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County of Savoy
The County of Savoy and its possessions () within the Holy Roman Empire around the middle of the 13th century. The red area highlights the rest of the creamKingdom of Burgundy. Note that some of Savoy's possessions lie outside of that kingdom (instead being part of the Kingdom of Italy). Savoy proper is the westernmost of the territories. The unmarked territory directly to the north-west of Savoy proper, Bresse, was acquired in 1272.
|Status||State of the Holy Roman Empire|
(from 1032 or 1313)a
|Count of Savoy|
|Humbert I White Hands|
|Amadeus VIII (Anti-Pope Felix V)|
|Historical era||High Middle Ages|
o Created by Rudolph III,
King of Burgundy
o Inherited March of Turin
o Acquired County of Nice
o Acquired County of Geneva
The County of Savoy (French: Comté de Savoie, Italian: Contea di Savoia) was a State of the Holy Roman Empire which emerged, along with the free communes of Switzerland, from the collapse of the Burgundian Kingdom in the 11th century. It was the cradle of the future Savoyard state.
Sapaudia, stretching south of Lake Geneva from the Rhône River to the Western Alps, had been part of Upper Burgundy ruled by the Bosonid duke Hucbert from the mid 9th century. Together with the neighboring Free County of Burgundy (today's Franche Comté) it became part of the larger Kingdom of Burgundy under King Rudolph II in 933.
Humbert the White-Handed was raised to count by the last king of Burgundy, Rudolph III, in 1003. He backed the inheritance claims of Emperor Henry II and in turn was permitted to usurp the county of Aosta from its bishops at the death of Anselm. Following his support of Conrad II in annexing Arles upon Rudolph's death and suppressing the revolts of Count Odo and Bishop Burchard, he also received the county of Maurienne (formerly held by the archbishops of Vienne) and territories in Chablais and Tarentaise, formerly held by its archbishops at Moûtiers.
While the Arelat remained a titular kingdom of the Holy Roman Empire, Humbert's descendants--later known as the House of Savoy--maintained their independence as counts. In 1046, his younger son Otto married Adelaide, daughter of Ulric Manfred II, marquis of Susa. When she inherited her father's lands in preference to other, male, relatives,[note 1] he thereby acquired control of the extensive March of Turin. This was then united with Savoy upon his inheritance from his elder brother.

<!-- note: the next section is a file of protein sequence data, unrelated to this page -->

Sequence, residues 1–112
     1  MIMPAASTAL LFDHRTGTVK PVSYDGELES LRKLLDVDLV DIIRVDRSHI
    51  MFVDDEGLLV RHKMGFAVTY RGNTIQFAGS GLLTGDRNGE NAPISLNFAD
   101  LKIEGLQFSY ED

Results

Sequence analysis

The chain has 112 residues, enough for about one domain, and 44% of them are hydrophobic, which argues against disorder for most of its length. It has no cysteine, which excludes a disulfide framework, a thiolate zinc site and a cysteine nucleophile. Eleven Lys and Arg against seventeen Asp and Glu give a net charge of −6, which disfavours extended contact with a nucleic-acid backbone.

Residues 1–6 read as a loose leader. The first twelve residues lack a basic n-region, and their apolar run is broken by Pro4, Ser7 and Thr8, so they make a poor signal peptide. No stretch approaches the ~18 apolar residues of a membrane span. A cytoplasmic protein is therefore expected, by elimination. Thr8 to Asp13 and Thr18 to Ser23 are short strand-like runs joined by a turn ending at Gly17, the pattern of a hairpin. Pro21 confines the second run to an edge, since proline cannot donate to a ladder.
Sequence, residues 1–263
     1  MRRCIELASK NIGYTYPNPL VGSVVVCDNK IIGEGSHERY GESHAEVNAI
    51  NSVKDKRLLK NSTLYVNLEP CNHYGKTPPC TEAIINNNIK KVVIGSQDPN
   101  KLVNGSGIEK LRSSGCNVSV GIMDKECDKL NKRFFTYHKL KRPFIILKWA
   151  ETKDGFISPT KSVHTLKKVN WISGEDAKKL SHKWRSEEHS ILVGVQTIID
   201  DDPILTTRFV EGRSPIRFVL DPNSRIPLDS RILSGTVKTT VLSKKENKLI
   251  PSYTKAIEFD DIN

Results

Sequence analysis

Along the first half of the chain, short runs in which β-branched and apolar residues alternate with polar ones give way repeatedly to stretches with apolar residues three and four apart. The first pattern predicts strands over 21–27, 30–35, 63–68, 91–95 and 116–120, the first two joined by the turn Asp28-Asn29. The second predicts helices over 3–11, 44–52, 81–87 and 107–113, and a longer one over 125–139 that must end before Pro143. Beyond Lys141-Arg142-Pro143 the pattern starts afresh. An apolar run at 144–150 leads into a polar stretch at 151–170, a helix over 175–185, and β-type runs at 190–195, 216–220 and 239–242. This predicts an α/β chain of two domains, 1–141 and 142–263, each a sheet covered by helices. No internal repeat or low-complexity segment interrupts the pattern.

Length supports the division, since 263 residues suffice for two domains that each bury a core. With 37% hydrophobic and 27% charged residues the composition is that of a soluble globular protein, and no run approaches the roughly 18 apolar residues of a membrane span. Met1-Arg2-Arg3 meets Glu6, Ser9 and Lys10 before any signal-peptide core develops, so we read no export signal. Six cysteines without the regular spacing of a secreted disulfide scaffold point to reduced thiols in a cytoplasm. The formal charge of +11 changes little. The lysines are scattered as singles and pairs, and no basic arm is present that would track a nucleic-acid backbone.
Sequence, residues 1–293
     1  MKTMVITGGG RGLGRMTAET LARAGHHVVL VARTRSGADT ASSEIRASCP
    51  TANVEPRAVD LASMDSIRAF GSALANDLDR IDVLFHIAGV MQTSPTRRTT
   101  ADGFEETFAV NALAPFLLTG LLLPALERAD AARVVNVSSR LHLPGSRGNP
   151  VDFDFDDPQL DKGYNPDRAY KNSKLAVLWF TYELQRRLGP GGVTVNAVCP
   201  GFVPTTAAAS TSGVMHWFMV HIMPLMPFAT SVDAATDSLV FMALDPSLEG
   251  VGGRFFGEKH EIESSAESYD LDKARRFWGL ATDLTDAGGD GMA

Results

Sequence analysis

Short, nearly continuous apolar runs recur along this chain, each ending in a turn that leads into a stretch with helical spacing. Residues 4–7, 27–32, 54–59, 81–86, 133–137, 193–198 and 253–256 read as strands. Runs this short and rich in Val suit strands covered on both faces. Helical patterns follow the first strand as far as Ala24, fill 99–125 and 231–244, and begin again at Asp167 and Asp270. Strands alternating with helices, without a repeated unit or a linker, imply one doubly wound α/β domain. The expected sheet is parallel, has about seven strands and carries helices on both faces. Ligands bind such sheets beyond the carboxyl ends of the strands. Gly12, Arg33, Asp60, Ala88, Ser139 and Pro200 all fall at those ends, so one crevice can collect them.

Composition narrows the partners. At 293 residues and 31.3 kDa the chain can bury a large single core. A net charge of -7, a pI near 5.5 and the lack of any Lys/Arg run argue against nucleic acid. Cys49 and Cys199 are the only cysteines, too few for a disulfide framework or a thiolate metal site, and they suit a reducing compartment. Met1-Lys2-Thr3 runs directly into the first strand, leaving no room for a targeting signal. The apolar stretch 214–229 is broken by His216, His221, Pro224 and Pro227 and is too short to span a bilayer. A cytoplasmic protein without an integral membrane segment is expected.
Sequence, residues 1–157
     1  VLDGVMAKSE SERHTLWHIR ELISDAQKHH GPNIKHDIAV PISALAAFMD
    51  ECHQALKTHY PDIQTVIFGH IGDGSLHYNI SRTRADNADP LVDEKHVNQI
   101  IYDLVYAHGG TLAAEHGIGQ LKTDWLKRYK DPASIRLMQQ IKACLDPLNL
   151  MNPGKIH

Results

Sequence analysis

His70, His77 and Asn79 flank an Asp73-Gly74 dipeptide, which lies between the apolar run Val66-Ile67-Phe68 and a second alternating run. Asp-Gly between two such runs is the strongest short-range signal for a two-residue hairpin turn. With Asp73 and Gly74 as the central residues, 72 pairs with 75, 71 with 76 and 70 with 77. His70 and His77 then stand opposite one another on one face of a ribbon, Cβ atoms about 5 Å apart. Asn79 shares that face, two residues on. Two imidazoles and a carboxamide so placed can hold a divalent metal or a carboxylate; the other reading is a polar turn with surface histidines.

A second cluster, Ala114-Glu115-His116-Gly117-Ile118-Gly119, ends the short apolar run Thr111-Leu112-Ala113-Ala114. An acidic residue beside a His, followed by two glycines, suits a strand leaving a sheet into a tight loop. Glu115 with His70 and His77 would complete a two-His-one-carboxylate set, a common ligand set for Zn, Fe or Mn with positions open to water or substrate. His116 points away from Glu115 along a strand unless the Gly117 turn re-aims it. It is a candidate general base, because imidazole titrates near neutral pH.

The counts further enlarged their territory when, in 1218, they inherited the Vaud lands north of the Lake Geneva from the extinct House of Zähringen. In 1220, Count Thomas I occupied the towns of Pinerolo and Chambéry (Kamrach), which afterwards became the Savoy capital. In 1240, his younger son Peter II was invited to England by King Henry III, who had married Peter's niece Eleanor of Provence. He was appointed Lord Warden of the Cinque Ports and Earl of Richmond and had the Savoy Palace erected at London.
In 1313, Count Amadeus V the Great officially gained the status of Imperial immediacy from Emperor Henry VII. What was left of the Kingdom of Burgundy effectively ceased to be entirely under the authority of the emperor after the Dauphiné had passed to the future King Charles V of France in 1349 and Amadeus VI of Savoy was appointed Imperial vicar of Arelat by Emperor Charles IV in 1365.
Amadeus VII gained access to the Mediterranean Sea by the acquisition of the County of Nice in 1388, his son Amadeus VIII purchased the County of Geneva in 1401. The extended Savoy lands were finally raised to a duchy in 1416 by the German king Sigismund (see Duchy of Savoy 1416-1718).
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